Many national parks charge an entrance fee that ranges from $5.00 to $20.00 per individual or $10.00 to $35.00 per vehicle. Depending on the number of people in your party, it is usually cheaper to pay per vehicle. For a list of entrance fees by park, check out the NPS website.
America the Beautiful passes can be purchased for $80.00 and offers the pass owner and accompanying passengers in a single, private, noncommercial vehicle entrance to Federally operated recreational sites across the country. Seniors age 62 and older can obtain an annual pass for $20.00 or a lifetime pass for $80.00. Current US military, park volunteers who contribute 250 or more hours, and US 4th grade students are eligible for FREE America the Beautiful passes.
The NPS also offers several entrance fee FREE days throughout year.
Campsite fees for national parks vary depending on the park and campground itself within the park as most parks have several campgrounds. Most fees are $10.00 – $35.00 a night. For example, at Grand Canyon National Park campsites average $12.00.-$24.00 a site with a RV site at Trailer Village approximately $50.00 a night. Sites at Grand Teton National Park average $28.00 – $30.00 a night, with RV sites/campgrounds as much as $74.00 a night.
National Park Camping Reservations
Reservation availability also varies depending on the park. Some sites can be reserved, usually through an online system, but many can not. Some campsites are first come, first served and that often means early morning arrival to the campground and waiting in line for sites to empty. (That process could have its own post!)
If reservations are available, links to the reservation system will be provided. Your best bet is to go the website of the park you plan on visiting, navigate to their Camping page, and obtain the info there. Recreation.gov is another option for finding campsites at and near the national parks. Some campgrounds are operated by concessioners, so reservation would not be available through recreation.gov. Again, check the park’s website for this info.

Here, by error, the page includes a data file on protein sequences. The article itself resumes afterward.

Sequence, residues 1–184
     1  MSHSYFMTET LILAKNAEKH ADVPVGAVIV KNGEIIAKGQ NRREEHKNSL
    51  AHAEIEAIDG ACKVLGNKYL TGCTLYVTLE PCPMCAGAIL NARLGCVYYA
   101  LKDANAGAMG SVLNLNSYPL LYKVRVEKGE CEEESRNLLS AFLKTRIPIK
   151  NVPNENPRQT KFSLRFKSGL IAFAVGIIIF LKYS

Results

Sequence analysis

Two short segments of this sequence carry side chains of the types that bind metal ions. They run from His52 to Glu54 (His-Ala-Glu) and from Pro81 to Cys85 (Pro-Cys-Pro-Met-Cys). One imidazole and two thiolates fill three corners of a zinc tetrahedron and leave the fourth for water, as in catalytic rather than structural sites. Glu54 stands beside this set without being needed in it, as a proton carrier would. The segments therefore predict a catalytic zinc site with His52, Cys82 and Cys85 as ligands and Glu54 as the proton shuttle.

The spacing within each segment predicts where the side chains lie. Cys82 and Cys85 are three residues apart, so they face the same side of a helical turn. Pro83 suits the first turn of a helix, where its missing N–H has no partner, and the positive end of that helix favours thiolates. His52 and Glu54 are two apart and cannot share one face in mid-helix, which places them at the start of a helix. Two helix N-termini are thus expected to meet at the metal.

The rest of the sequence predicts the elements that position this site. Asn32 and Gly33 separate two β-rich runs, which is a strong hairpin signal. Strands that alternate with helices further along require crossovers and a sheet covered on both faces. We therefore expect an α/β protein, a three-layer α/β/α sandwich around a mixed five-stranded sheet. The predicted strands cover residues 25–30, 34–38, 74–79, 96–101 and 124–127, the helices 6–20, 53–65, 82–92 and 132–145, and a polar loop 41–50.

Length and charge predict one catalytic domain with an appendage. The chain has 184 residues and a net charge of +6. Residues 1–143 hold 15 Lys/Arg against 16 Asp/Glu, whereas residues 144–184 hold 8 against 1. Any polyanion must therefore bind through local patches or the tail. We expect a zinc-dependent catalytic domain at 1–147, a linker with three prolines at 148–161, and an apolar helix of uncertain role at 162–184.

Tip: If you are planning a trip to a national park, check out Dirt in My Shoes. Ash is a former park ranger, and her awesome site is dedicated to providing information about America’s national parks.
National Parks are a Good Choice for Beginners
There is no doubt that national parks are popular choices for camping. Along with that popularity can come crowds and campsite availability issues. Despite this, I do believe national parks are a good choice for beginner campers with their epic views, bucket list hikes and activities.
Related Post: The Ultimate Guide to Camping in National Forests
Privately Owned Campgrounds
Some of my favorite campgrounds are those privately owned by individuals and families. I enjoy finding new campgrounds, but it is also wonderful to visit the same campground and see a familiar face. The owners are often staff members and are fully invested in making your camping stay an awesome experience. It is also fun to see a family owned campground grow and evolve over the years.
Campground staff and hosts are usually available for assistance, often willing to go the extra mile to help you out. Organized programs and activities vary, but it is not unusual to find events like outdoor church services and campground potlucks.
Amenities vary, but many campgrounds have tent and RV sites, offering primitive to full hook up sites. Most have bathrooms with showers and some even have clubhouses and laundry facilities. The neat thing about privately owned campgrounds is the huge diversity. Some are small and simple and others are large with extra nice amenities.
Campsite fees usually range from $20.00 to $50.00 a site. Some campgrounds have websites and online reservations and others require a phone call.
KOA campgrounds are a franchise and each campground is individually owned. With over 500 campgrounds across the US, it shouldn’t be hard to find a KOA. Just look for the yellow sign! As with any franchise, company standards should be met, along with the personal service of an owner operated campground.
KOA Journey campgrounds are located near the highways of North America and perfect for travelers. KOA Holiday campgrounds are great for exploring a local area and offer plenty of amenities and activities. KOA Resort campgrounds offer staff-led activities, resort style pools and even restaurants/delis on site.
KOA campgrounds are popular with RVers, although most also offer tent sites. KOA is great for families, and we have always enjoyed our stay.
Reservations are offered online and fees vary. Depending on the location, tent sites can be a little pricey – $35.00 to $60.00 a site during peak season. Keep in mind, some of the campgrounds are offering more of an outdoor resort atmosphere and are priced accordingly. A KOA Value Kard can be purchased for $30.00 a year for 10% savings and a free night of camping during Value Kard Rewards Appreciation Weekend, plus other perks.
The Best Campgrounds for Beginners
Whether you choose a state park, national park, or a privately owned campground, your first season camping is sure to be exciting! I hope you have some ideas of where to go camping now. Research online before you go and check for amenities that are important to you. I can’t wait to hear about your first camping trip!